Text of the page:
Jan 21, 2007 at 4:47 AMSEP2007 wrote:Declarative languages learn and use 18 - 28 year old.
Funcutional Languages learn and use 35 - 55 years old.
Natural Languages ... learned and used for at least thousands or 10s of thousands of years.
Jan 20, 2007 at 12:26 PMGreat interview. I would love to work with any of these guys. Here's a crazy thought ... probabilistic concurrency. Instead of locking, duplicate and execute concurrently and keep track of side effects (split it across cores, whatever you like). Execution paths that result in error once you smack the results back together are probably out of sequence and need to be reordered. The more concurrent operations, the lower the probability that the compiler or runtime could determine the correct order of execution. However for 2 operations, say, it would be very likely that the correct order is the path that does not result in an exception. The depth of the composed objects would also reduce the probability of correctness. However, if one approached the problem from a probabilistic point of view, tools, and advances in statistical analysis in the compiler and runtime could perhaps improve this over time.
Just a thought. I am sure this is a vast oversimplification, I see many problems already.
Very nice demo - I once imagined a similiar idea (but not nearly as nice), but of course I had "features" to work on which are "more important" than process improvement.
I'm glad to see that MS is working on this kind of thing.
jsampsonPC wrote:I had thought about something slightly different. What about all the old photos I find of my great grandparents standing by some barbershop door, or down at their local foodmart.
What would the results be if I put one of those in It would be neat to see locations from 80-100 years ago. Imagine how many photographs of Disney there are, spanning decades.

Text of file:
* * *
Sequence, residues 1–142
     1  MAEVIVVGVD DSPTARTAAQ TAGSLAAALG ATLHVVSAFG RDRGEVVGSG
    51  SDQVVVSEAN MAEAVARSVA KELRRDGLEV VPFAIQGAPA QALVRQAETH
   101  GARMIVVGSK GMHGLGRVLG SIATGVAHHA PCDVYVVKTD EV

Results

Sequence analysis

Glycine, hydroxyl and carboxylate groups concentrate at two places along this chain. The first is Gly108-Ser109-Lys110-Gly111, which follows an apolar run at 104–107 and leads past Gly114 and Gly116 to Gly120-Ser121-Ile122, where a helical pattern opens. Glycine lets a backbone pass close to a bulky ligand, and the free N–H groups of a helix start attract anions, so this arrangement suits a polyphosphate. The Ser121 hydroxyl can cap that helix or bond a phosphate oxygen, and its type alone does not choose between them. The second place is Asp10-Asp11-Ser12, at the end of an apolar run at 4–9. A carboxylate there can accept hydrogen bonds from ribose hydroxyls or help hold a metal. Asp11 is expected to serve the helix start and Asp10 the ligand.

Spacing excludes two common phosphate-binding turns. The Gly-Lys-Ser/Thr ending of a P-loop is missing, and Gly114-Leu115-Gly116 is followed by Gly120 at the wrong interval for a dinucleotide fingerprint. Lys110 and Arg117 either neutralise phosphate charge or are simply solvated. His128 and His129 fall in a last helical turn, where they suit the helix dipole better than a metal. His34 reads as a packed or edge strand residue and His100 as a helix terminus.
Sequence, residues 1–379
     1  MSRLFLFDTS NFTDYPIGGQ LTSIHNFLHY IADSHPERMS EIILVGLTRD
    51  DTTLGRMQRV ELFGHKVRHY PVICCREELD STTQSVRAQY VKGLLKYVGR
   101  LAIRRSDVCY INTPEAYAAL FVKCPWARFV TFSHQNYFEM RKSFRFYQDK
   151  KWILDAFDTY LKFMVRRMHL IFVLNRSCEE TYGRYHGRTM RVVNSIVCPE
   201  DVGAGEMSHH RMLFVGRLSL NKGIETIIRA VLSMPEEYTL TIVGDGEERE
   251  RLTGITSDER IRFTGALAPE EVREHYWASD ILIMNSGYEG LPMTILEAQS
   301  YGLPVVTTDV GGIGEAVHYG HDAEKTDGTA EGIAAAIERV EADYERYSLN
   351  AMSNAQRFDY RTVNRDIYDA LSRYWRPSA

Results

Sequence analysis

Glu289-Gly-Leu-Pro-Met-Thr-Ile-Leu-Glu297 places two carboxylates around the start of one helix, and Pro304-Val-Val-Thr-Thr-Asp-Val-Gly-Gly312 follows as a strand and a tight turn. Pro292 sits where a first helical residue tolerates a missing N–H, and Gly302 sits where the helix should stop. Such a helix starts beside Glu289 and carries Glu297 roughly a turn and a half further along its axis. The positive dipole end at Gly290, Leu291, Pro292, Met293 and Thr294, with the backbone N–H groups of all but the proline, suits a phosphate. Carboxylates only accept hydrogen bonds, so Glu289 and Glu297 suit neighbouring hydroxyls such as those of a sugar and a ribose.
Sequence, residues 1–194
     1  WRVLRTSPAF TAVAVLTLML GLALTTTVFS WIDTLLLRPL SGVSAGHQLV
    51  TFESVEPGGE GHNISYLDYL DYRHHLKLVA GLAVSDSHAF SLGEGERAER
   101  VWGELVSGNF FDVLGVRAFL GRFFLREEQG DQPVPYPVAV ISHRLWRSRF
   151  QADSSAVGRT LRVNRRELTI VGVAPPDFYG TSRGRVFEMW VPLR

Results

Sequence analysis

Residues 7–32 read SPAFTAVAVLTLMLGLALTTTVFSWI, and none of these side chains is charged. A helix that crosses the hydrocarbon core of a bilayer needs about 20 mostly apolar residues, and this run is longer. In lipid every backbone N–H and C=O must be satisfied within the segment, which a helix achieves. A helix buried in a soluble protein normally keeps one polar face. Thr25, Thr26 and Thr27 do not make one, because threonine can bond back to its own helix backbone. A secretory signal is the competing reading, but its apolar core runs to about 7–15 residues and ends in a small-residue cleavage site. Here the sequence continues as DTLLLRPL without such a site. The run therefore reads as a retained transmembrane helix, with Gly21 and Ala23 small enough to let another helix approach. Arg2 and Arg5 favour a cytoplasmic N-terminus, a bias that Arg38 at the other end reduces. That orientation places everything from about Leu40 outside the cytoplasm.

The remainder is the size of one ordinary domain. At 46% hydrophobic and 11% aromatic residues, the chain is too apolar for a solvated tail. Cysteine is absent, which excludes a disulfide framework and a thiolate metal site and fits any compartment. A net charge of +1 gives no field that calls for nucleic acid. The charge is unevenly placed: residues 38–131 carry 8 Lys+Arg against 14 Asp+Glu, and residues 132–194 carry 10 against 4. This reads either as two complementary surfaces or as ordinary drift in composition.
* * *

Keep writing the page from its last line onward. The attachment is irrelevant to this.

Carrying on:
This could be used as a historical learning device, too.
jsampsonPC wrote:To be overly-simple, a cluster of white dots doesn't really represent any unique characteristics which we, or computers, can immediately point to and say "That's over there". Before you mention constellations, keep in mind that this only works when all of the required points (or most of them) are viewed".
If you take an image from the Earth or a satellite, it has a cone of view. If you know the time and position of the camera on the Earth which takes the photo, you can calculate exactly which star is which.
Could you see stars from the side, as if the cone of view turned 90 degrees off one axis? If you know the distance between stars in the direction of the cone's origin to the center of the cone's base. That is measurable. If you do that you can reconstruct an image from the side. For the back you could do the same thing, but you don't really know what is in the back the moon say, without a photo from the dark side, but you could fill in the blanks for stars and such, and rotating bodies obviously can be expolated, so the only limitation is distance and "hidden" bodies that are never in the cone of view of any of our current photos, which is of course a lot of stuff in space.
For microbiology and beyond, if you use MRI, electron microscopy and more, then eventually you could imagine the massive distributed images of all these "visible" things being available so that software is able to reason about what should "fill in the blanks", similar to how the mind operates when it fills in the blanks, i.e. optical illusions and such), so you could zoom in and out of the entire structure of a organism and cell down to the chemical and atomic level itself and beyond, extrapolated from images and applying a bunch of physics and graphics allow someone to step through the operations of a cell, watch it develop and witness the energy transfer ... am I crazy?
Basically it seems like a real start to wiring up visual information on the web, which is really deep. 20 years from now I think learning about the world and things around us in detail will be enabled by this.